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China

Places We Protect: Songshan National Nature Reserve

The Nature Conservancy helped transform Songshan into a world-class nature reserve.


Just a 90-minute drive from the capital of China lies the 11,500-acre Songshan National Nature Reserve. The rich biodiversity of this — the first national level nature reserve near Beijing — makes it a chosen destination for millions who want to experience nature.

Visitors come to the reserve in hopes of spotting one of the four nationally protected species found here — the golden eagle, imperial eagle, golden leopard and black stork — or some  of the hundreds of other animal species who call the reserve home. Hiking trails meander through hundred-year-old Chinese pine forests, freshwater streams and dramatic rock formations.

Even city dwellers who don't visit the reserve in person benefit from the natural benefits the reserve provides. These include cleaner air, freshwater storage and dust storm prevention.

Songshan’s beauty and location have made it increasingly popular — and vulnerable. The high number of visitors coupled with a lack of science-based planning and ecotourism regulations have had a significant impact on the biological health of the reserve.

Model of Effective Conservation

To ensure long-term protection of this important ecosystem, Songshan was selected as one of China’s 51 model nature reserves by the Chinese State Forestry Administration and will be showcased by the Chinese government as a “conservation window” to the country’s nature reserve system. In this way Songshan will be a part of the Chinese government’s mission to turn Beijing into an ecologically friendly city.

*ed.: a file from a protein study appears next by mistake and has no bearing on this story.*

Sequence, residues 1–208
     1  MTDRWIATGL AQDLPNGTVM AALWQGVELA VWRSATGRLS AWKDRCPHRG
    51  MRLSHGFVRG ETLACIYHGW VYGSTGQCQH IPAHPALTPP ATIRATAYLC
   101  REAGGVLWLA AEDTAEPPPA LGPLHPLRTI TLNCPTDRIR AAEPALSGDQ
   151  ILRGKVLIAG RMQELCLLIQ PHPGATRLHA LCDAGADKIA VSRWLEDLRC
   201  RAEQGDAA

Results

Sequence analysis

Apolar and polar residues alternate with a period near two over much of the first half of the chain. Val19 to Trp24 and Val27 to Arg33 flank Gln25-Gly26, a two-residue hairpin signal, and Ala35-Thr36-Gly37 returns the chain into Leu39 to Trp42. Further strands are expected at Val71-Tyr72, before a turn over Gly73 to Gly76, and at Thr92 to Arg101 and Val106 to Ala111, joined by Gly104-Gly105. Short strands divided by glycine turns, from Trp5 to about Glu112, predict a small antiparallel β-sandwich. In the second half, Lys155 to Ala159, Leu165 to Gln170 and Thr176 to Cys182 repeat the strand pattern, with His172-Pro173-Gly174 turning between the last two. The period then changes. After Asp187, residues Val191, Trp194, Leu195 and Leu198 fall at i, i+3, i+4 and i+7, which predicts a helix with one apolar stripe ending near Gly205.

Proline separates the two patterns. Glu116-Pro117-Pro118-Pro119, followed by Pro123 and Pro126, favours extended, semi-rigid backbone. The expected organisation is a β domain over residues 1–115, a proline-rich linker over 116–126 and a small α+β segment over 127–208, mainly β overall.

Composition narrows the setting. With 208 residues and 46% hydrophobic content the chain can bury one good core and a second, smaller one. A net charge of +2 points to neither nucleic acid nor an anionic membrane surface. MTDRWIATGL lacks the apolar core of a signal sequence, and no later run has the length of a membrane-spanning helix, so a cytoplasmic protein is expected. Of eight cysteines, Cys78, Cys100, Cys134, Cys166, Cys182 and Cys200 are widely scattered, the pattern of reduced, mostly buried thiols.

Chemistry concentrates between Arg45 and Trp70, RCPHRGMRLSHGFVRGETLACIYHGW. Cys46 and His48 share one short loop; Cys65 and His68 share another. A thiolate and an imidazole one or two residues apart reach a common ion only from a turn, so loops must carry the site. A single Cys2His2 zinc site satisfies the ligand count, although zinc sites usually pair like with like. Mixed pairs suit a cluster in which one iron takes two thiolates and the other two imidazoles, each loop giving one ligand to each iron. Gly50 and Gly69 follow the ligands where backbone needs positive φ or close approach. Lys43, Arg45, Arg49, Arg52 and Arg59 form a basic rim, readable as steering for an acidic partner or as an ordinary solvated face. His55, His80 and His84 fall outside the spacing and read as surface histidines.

At the request of the Chinese government, The Nature Conservancy helped transform Songshan into a world-class nature reserve that will safeguard the rich habitat and species it encompasses.

The Conservancy’s key accomplishments at Songshan — and all of the 51 model nature reserves in China — include:

  • Planning for the future. Using the Conservancy’s Conservation Action Planning method to identify key conservation targets, threats and specific strategies to improve biodiversity health.
     
  • Preparing a new generation. Training new land managers to protect and monitor biodiversity on an ongoing basis.
     
  • Improving the natural experience. Developing ecotourism and education plans to increase standards in tourism management, improve infrastructure and enhance the visitor experience in the reserve.

In partnership with the Chinese government, the Conservancy will continue to improve the overall management of the Songshan National Nature Reserve, address challenges common to protected areas around the world and create a model of effective conservation that will set a standard for other nature reserves throughout China. 

Photos

Photo Contest Slideshow

See some of the incredible photographs entered into the "Nature Reserves of China, Through the Viewfinder" photo contest.

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